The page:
I’d like to share my two point of views on this, on one side as a tech freak and on the other side as a technical manager of a small company with 300+ TYPO3 instances (and I think we can all relate to both to some extend).
PHP 7.1+ is a no go, MySQL 5.7 should not be a minimum requirement, IE 11 needs support.
See below for details and inputs.
As a tech freak, I’d say PHP 7.1 is a must because of the improvements it might bring (and just think of the additional performance!), but also as a tech freak I think that the core should be rebuilt as a ReactPHP-Servlet style standalone-inline-PHP Server able to run by calling
php -S localhost:80, so there is a pretty biased point of view about performance and what TYPO3 (or any software by this standard) has to be about performance over everything. And from this point of view, PHP 7.1 or 7.2 makes total sense.
As a technical manager I see 300+ TYPO3 with still tons of legacy code that is already pretty hard to maintain, update, document and test in an 18 months lifecycle. Don’t get me wrong, I love the 18 months lifecycle because from a sales point of view, every 18 months you get a new product to sell to new customers that is up-to-date by the latest web standards and is fancy and stuff, but from where I stand, I’ll also have to maintain said sold product for at least five to ten years and if I have to include a server upgrade every 3 years in order to just be able to install the latest LTS of TYPO3, either my boss or my customer will get very angry at me because a.) either I’m doing work that isn’t paid or b.) I have to charge at least two extra days for an upgrade that brings him no noticeable added value.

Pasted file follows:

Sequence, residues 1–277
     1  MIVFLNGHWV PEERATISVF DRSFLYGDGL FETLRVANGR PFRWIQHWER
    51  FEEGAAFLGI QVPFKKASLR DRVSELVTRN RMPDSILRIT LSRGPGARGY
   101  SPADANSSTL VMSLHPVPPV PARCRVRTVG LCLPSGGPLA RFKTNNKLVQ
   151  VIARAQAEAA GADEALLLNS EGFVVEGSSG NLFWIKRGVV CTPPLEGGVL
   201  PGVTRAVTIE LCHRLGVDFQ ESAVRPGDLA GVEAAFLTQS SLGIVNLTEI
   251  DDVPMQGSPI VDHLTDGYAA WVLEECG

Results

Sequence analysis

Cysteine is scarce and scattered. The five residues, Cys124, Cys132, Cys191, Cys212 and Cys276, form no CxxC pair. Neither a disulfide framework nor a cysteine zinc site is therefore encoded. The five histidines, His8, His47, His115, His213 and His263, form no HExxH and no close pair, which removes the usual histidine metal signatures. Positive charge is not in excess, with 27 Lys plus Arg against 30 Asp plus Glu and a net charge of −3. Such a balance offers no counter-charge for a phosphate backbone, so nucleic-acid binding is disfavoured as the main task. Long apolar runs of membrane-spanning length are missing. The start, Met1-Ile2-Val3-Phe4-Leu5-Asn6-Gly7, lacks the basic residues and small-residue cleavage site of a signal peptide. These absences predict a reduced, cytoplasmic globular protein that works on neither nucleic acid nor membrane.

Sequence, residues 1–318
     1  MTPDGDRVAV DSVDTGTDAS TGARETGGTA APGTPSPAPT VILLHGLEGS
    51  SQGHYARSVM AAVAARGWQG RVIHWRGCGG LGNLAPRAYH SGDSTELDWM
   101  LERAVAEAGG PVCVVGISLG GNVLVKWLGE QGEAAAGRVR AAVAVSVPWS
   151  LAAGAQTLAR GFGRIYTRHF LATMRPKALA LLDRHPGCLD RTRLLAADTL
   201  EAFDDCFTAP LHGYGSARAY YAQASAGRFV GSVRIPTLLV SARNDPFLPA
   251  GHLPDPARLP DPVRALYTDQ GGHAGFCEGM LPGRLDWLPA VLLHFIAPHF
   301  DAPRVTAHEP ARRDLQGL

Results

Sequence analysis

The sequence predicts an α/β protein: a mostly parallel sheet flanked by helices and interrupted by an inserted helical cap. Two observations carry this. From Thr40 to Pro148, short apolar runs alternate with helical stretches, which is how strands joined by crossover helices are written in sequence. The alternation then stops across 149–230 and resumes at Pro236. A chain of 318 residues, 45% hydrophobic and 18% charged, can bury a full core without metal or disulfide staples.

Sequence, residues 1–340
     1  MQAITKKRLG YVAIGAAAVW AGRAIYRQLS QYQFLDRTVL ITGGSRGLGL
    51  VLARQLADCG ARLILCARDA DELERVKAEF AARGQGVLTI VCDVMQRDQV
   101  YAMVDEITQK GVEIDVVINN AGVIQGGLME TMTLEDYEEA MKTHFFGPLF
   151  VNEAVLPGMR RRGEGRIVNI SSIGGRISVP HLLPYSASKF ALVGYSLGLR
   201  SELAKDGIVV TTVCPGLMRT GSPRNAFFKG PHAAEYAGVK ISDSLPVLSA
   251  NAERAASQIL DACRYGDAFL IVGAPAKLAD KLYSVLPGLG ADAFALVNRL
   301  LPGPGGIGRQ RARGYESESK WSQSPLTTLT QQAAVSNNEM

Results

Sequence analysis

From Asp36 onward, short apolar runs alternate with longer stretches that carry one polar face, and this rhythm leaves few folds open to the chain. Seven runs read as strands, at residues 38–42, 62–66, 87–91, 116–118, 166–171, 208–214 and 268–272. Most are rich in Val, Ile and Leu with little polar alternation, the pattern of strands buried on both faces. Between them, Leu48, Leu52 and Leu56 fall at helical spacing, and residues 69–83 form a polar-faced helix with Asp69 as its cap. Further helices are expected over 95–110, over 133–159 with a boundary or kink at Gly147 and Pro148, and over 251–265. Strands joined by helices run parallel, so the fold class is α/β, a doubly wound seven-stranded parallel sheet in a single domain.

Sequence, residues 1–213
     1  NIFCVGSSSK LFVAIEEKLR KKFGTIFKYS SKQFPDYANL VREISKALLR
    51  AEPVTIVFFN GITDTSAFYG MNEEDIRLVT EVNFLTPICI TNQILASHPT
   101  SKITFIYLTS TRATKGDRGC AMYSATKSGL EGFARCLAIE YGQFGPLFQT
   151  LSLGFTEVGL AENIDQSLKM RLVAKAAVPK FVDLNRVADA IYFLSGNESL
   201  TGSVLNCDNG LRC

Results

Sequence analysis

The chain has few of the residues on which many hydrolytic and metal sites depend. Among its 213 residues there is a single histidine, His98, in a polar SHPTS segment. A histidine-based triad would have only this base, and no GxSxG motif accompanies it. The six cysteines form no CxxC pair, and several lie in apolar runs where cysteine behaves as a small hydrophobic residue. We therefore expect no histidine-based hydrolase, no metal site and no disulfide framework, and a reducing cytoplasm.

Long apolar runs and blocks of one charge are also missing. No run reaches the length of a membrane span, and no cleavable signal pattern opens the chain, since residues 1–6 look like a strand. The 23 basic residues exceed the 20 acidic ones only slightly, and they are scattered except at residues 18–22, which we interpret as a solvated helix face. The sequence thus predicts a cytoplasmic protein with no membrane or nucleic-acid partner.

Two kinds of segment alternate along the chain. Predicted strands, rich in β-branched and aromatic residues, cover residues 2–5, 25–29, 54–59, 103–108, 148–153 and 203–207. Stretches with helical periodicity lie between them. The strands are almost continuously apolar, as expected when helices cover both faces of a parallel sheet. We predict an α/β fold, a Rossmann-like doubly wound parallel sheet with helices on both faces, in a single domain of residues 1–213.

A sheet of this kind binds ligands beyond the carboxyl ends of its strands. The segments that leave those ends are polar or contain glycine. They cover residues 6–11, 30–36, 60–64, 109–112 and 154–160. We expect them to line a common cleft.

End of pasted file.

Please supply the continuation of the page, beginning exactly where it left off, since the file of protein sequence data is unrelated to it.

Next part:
Now, it is true that TYPO3 evolves thanks to the community (which I’d put in the tech freak group) that want’s to progress and use new technologies and have fun with new features and make everything pretty and shiney, but in the meantime, all money that goes into TYPO3 (I’m aware that most of the work done on TYPO3 is not paid for) comes from agencies and companies that need a stable product they can rely on and on the end of the day, these are also our customers and clients that allow us to put bread on the table.
Therefore: PHP 7.0
As for IE, I think really strongly about it, as all of you do, but again, big companies will still use it in 5 years so dropping the support is a no-go.
And about MySQL: I think everything has been said.